Sunday, April 15, 2007

New book on the future of farming

here's an exerpt from a review of Colin Tudge's new book: Feeding people is easy. Highly recommended. tudge is a frequent contributor to New Scientist, and he argues here for "enlightened capitalism" but against "the devil-take-the-hindmost variety" that prevails today. According to Tudge, the only way to overcome this malign ideology is to circumvent it - by producers and consumers who co-operate until enlightened agriculture attains critical mass.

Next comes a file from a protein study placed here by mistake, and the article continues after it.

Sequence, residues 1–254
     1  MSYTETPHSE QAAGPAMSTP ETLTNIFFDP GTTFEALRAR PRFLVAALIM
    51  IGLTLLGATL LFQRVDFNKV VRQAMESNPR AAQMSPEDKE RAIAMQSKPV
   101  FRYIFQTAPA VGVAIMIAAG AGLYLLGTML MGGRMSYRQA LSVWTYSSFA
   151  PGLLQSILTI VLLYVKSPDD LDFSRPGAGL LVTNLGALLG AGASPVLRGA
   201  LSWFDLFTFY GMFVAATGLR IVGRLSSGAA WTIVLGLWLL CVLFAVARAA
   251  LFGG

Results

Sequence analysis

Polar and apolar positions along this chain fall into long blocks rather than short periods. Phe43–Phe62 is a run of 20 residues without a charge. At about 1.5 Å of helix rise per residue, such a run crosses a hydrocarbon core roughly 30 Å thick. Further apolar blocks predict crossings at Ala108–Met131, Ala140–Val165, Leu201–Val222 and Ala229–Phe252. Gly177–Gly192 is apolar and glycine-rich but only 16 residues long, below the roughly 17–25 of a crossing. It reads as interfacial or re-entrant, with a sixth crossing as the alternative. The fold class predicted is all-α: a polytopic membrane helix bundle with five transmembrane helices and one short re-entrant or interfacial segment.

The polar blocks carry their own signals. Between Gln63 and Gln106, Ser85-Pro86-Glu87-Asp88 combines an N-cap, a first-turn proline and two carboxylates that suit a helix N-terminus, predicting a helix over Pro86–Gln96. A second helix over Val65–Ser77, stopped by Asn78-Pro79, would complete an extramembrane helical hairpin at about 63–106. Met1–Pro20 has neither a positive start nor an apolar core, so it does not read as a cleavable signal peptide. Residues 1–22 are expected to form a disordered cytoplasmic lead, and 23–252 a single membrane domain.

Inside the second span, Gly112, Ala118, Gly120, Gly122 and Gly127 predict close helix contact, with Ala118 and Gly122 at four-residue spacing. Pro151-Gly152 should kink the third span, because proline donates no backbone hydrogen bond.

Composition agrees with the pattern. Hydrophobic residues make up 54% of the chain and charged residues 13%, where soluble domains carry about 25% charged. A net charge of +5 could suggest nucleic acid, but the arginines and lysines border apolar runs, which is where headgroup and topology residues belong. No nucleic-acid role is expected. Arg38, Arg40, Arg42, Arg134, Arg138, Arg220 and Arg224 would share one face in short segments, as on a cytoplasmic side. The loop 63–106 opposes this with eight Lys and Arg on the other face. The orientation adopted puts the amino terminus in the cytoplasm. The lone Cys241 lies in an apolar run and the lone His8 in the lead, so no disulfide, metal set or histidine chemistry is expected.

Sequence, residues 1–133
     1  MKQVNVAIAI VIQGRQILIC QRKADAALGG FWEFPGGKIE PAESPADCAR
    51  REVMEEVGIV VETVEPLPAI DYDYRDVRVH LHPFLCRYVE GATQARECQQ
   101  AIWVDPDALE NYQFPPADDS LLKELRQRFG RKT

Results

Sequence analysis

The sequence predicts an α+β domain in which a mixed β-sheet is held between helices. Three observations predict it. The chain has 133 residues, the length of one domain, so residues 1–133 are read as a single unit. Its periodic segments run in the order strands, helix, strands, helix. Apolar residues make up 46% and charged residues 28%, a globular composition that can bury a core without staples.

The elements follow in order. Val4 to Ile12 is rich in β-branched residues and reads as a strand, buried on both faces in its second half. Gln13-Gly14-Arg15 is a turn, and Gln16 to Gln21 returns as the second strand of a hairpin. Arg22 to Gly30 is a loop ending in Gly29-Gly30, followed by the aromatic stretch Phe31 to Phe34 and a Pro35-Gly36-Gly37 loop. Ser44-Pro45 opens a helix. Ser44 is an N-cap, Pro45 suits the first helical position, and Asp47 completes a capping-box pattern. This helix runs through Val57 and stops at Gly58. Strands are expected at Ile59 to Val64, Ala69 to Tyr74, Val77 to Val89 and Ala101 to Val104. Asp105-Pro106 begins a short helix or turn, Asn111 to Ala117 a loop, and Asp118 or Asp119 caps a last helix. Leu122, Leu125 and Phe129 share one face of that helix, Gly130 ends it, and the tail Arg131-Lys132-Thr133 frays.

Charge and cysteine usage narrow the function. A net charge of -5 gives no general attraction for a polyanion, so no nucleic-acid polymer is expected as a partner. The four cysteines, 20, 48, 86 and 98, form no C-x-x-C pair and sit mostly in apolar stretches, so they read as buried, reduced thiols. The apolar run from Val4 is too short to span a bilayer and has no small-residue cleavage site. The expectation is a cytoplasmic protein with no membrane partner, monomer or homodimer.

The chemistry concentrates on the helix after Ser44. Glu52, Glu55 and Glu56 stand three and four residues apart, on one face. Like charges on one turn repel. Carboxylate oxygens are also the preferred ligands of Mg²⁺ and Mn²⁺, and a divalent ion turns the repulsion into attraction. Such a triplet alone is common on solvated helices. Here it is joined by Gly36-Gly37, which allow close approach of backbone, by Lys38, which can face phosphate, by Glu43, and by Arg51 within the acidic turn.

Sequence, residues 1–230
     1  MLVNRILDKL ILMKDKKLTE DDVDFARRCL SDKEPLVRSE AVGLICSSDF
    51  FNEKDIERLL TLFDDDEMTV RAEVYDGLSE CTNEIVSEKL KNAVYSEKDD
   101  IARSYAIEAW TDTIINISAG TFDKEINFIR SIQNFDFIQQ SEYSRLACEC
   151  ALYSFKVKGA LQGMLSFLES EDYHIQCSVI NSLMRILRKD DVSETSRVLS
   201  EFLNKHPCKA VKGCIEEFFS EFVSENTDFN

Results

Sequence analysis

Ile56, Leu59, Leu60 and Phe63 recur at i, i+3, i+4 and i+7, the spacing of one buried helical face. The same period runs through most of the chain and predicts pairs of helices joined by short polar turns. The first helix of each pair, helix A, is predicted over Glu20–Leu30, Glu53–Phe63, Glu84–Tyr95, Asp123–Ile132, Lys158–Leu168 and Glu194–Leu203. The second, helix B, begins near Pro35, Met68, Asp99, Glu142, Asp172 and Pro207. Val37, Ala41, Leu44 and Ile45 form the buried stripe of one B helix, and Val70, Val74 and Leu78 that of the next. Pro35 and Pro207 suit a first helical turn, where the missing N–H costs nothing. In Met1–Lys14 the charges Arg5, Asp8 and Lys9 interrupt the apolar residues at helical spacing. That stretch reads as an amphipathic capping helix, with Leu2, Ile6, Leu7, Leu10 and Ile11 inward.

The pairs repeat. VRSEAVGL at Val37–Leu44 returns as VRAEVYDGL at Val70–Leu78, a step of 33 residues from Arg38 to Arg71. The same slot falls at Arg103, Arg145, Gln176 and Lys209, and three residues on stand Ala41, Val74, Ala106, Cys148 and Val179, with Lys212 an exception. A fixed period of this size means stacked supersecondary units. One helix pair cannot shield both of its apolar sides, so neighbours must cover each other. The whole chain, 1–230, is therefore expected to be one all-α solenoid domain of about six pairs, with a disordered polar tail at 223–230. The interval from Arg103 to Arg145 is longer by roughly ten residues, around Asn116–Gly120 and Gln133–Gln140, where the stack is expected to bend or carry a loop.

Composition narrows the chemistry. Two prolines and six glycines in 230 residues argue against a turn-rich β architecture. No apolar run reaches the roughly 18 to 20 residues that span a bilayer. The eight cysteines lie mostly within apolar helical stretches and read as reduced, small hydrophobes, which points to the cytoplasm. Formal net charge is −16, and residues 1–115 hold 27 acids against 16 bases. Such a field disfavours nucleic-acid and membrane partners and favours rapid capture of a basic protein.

"What we must do, he says, is to adopt what he calls ”enlightened agriculture”. This means traditional mixed farming. With minimal mechanisation and use of artificial chemicals, such farms are more efficient - in terms of energy inputs and outputs - than modern high-tech farms. By joyous coincidence, the output of an enlightened farm closely matches the ideal input of the healthy human: ”plenty of plants, not much meat and maximum variety”. This mix in turn is the basis of the world’s great traditional cuisines; feeding people can indeed be easy. And because enlightened agriculture is labour-intensive, it gives people something more worthwhile to do than crowding up mega-cities."

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